The cost of starting and maintaining a website can vary wildly. You can buy domain names for a few dollars and get a webhost service for anywhere from $100 to a few thousand dollars a year, depending on what you want to do with your site.

Then, of course, there is free. Google, for example, offers Google Sites, which puts the entire website process in your hands without taking a thing from your pocket.

Steve Kieley, a volunteer teacher at Ewing’s Computer Learning Center, will talk about how and why to take advantage of free website tools like Google Sites on Tuesday, February 7, at 2 p.m. at Ewing Senior and Community Center, 999 Lower Ferry Road.

His presentation, “The Free and Easy Way to Create Your Own Website,” is free and will be preceded by a Q&A session beginning at 1:30 p.m. Call 609-882-5086 or visit www.clcewing.org.

Prior to his life as a volunteer SeniorNet instructor, Kieley worked for PSE&G for 39 years. A mechanical engineering graduate of Stevens Institute of Technology, he holds a master’s from NJIT and retired in 2003 as PSE&G’s director of asset management.

Kieley worked in electric distribution field operations and construction around the state and consulted on management structures and practices for electric companies in Brazil, Oman, Peru, and Chile.

A former president and member of the board of the Engineers Club of Trenton, Kieley also serves on the board of the PSE Federal Credit Union in Somerset.

When it comes to websites, Kieley will be talking more about smaller, personal, and more community-oriented projects than about business.

Volunteer coaches for kids’ sports teams, for example, can take advantage of the reach that free websites through Google can offer. Coaches, Kieley says, can build sites that feature the team, its schedule, and other related information.

The same goes for other community organizations, such as social groups, which can offer information to their members without anyone having to make sure the site is paid for every month.

When it comes to businesses, Kieley says free websites can benefit some newer, smaller enterprises. He would not, however, recommend free websites for businesses looking to sell lots of products online, as Google Sites’ templates do not allow for that level of sophistication.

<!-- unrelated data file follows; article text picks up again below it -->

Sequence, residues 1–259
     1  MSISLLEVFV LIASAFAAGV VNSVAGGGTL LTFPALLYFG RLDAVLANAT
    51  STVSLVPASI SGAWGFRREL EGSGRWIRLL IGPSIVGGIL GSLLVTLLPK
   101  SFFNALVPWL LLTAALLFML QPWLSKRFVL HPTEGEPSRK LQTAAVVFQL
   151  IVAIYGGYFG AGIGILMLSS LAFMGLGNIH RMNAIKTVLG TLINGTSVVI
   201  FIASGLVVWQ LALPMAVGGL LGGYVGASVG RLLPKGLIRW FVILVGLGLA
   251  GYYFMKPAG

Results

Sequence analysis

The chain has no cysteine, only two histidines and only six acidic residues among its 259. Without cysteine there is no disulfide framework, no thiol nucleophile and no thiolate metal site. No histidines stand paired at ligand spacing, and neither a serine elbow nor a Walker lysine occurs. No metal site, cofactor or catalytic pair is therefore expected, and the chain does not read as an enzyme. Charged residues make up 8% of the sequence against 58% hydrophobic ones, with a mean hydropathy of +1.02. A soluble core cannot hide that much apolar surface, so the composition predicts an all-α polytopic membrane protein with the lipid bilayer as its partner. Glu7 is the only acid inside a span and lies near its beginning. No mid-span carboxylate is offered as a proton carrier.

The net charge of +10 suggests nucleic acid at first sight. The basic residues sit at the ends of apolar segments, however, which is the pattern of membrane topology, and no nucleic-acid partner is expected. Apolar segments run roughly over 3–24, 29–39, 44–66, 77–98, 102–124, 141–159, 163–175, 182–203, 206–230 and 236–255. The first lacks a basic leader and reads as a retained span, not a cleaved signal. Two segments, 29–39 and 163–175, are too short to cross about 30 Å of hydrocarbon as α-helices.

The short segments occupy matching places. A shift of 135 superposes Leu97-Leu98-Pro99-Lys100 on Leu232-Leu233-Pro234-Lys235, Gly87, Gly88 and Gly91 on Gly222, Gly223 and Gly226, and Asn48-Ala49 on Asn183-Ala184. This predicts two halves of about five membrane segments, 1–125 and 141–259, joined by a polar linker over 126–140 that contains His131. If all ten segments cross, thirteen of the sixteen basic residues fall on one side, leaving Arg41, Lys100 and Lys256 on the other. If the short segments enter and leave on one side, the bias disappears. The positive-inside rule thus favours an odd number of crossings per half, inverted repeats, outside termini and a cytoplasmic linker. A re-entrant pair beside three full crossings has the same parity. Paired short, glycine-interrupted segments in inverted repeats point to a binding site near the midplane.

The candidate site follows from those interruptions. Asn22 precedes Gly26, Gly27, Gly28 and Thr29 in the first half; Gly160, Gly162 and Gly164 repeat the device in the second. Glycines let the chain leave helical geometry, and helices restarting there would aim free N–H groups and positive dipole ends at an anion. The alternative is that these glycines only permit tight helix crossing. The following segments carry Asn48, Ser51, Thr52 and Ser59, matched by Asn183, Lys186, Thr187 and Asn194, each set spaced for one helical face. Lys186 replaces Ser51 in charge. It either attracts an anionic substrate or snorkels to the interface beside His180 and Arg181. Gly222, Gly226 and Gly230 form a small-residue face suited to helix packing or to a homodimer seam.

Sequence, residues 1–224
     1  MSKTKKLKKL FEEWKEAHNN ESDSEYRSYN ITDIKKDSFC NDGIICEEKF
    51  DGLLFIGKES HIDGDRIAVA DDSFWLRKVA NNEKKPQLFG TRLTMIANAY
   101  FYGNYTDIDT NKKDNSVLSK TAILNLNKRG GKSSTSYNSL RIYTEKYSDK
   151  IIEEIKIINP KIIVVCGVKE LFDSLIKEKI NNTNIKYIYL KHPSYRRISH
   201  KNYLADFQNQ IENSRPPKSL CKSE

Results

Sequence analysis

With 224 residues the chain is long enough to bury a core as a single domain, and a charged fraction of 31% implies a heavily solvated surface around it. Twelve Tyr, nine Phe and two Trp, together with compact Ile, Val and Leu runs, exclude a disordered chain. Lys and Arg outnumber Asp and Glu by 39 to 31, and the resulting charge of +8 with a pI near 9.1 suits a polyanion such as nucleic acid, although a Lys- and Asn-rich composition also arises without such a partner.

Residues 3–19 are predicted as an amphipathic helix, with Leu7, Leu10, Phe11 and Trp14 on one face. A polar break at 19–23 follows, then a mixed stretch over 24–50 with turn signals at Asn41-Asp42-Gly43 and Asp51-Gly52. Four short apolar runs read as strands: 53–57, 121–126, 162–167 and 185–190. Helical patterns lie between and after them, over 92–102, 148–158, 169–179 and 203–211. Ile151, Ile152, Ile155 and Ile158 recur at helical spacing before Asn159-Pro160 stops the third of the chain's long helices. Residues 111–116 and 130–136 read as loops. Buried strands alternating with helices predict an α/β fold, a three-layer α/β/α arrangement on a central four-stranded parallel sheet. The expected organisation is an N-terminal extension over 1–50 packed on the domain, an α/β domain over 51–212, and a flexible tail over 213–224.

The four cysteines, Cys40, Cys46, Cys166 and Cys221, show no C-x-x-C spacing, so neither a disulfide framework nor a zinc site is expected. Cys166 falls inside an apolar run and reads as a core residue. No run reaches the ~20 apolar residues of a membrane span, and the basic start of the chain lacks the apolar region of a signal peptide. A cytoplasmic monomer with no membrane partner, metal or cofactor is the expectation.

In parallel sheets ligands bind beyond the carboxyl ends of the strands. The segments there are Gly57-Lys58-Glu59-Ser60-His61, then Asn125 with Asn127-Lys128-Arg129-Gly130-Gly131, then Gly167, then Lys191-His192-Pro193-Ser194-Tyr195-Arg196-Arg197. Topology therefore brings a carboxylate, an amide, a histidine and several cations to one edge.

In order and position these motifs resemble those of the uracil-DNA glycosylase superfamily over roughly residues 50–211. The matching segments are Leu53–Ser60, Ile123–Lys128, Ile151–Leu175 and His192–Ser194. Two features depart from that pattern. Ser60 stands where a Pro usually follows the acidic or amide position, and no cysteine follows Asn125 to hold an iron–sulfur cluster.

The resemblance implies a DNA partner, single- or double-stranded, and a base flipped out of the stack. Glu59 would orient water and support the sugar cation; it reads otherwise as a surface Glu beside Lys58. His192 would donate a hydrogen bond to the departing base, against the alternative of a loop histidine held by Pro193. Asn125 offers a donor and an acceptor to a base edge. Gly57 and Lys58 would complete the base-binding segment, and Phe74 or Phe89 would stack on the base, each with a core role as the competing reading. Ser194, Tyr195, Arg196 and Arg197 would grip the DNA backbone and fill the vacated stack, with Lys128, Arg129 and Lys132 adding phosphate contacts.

Google does offer website development and hosting for businesses that need more than the basics, but it costs money, and Google is not forthcoming as to how much.

Google Sites does advocate the use of its free pages for company intranets and newsletters, however. Much like a coach posting team news, companies can share information with employees without taking up more space on their main web pages.

If you’re going into business, Kieley says websites are essential and will stay that way, so free or not, you should have one. Customers and clients almost always check companies out on the Internet first these days, and using Facebook as your company’s sole public face is almost never a good idea — largely because you are not allowed to do business through Facebook.

Google Sites is an easy way to make a website because it has few frills and no need for advanced web-design knowledge, Kieley says. According to Google, its free websites offer single-click page creation, no HTML, and a series of customizable templates.

Also, Google Sites is integrated with other Google products, so if you’re already using Gmail and YouTube, you can insert videos, documents, spreadsheets, presentations, photo slide shows, and calendars directly onto your Google Sites pages.

And you can search using Google’s search engine, which means you can find specific pages and documents as quickly as you could on Google.com.

As for page rankings, Google Sites offers the inborn advantage of being a Google product, so websites made through the company can do well in page rankings on Google’s search engine.

But for the purposes Kieley is teaching, he says it does not matter so much. Small enterprises or community organizations could (and should) just give the website to their members.

There would be no need to worry about page rankings, since increasing traffic to the site is not the primary concern.

“Volunteers find websites useful for sending announcements of their organization’s regularly scheduled or special events or updating lists of members and committees,” Kieley says. “Teachers use them to post classroom assignments or announce schedule changes; coaches use them to stay current with team members and parents.”

For the average person looking to stay in touch, through an organization or not, there is almost no reason to not have a website these days, Kieley says. “Have you ever gone on vacation and wanted to share your travel experiences?” he asks.

“Ever planned a family get-together or reunion and wanted to keep track of who is coming? There are simply countless ways to make your own website work for you,” says Kieley.

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